Democracy
Escrito por Special Correspondent   
Terça, 05 Março 2019 11:41
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In mid-February, Ndambi Guebuza, the son of a former president of Mozambique, was arrested for alleged links to a $2 billion government debt scandal. It followed the arrest in January in New York of Jean Boustani, a Lebanese national. Also arrested that same month in London were three Credit Suisse bankers, Andrew Pearse, Surjan Singh and Detelina Subeva, of New Zealand, British and Bulgarian nationality respectively. In late December, Mozambique’s former finance minister Manuel Chang was arrested in South Africa.

What links all these people is a US federal indictment. They are charged with conspiracy to defraud investors in America and elsewhere through more than S2 billion of “loans guaranteed by the Mozambican government”.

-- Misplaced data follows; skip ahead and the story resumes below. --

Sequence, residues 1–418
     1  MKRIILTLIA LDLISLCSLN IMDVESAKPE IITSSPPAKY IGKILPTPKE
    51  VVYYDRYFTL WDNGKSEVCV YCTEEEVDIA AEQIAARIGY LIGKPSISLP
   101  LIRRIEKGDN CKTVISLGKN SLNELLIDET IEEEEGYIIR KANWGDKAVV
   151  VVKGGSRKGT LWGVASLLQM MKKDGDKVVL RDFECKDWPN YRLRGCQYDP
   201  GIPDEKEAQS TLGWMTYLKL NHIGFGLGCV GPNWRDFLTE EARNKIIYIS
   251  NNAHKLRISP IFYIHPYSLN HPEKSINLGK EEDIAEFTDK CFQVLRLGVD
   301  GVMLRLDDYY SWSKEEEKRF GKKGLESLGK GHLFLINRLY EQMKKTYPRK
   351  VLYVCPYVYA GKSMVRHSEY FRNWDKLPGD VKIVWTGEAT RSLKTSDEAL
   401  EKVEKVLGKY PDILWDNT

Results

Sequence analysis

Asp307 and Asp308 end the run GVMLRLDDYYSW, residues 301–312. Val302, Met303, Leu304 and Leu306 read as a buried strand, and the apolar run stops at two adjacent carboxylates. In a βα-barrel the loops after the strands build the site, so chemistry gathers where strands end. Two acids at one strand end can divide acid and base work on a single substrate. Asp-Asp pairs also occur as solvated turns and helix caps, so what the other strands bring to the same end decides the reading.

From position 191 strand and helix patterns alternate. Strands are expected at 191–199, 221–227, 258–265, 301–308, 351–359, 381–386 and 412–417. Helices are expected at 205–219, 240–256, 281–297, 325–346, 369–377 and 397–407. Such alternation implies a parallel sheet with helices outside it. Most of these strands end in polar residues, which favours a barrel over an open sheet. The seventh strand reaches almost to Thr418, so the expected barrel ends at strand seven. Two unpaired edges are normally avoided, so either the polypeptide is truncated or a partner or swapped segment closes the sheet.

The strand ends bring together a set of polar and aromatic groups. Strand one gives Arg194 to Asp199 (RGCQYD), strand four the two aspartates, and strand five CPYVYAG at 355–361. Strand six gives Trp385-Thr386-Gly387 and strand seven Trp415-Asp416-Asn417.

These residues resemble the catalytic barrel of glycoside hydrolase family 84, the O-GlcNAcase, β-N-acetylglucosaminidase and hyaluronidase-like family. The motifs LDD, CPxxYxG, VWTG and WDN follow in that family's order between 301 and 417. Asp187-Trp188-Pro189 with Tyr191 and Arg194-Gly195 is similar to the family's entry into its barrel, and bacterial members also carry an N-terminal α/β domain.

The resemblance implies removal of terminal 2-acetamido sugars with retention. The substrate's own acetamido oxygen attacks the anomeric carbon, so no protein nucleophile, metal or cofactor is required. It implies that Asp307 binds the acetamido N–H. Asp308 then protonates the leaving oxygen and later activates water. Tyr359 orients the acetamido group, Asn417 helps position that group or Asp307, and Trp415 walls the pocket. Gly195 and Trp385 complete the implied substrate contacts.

Mozambique can neither afford such extravagance nor such extravagant corruption. The former Portuguese colony is desperately poor and a recipient of foreign aid. With its officials allegedly blowing through more than $2 billion of borrowed money, donors suspended aid and the International Monetary Fund called a halt to financing. As a result, Mozambique has been left with near-empty coffers.

According to court filings in the Eastern District of New York, the accused conspired “to pay at least $200 million in bribes and kickbacks… to enrich themselves, Mozambican government officials and others.” All of the accused are charged with one count of conspiracy to commit wire fraud, one count of conspiracy to commit securities fraud and one count of conspiracy to commit money laundering. The three Credit Suisse bankers face an additional count of conspiracy to violate the Foreign Corrupt Practices Act’s anti-bribery and internal controls provision by knowingly and wilfully conspiring to commit offences against the US.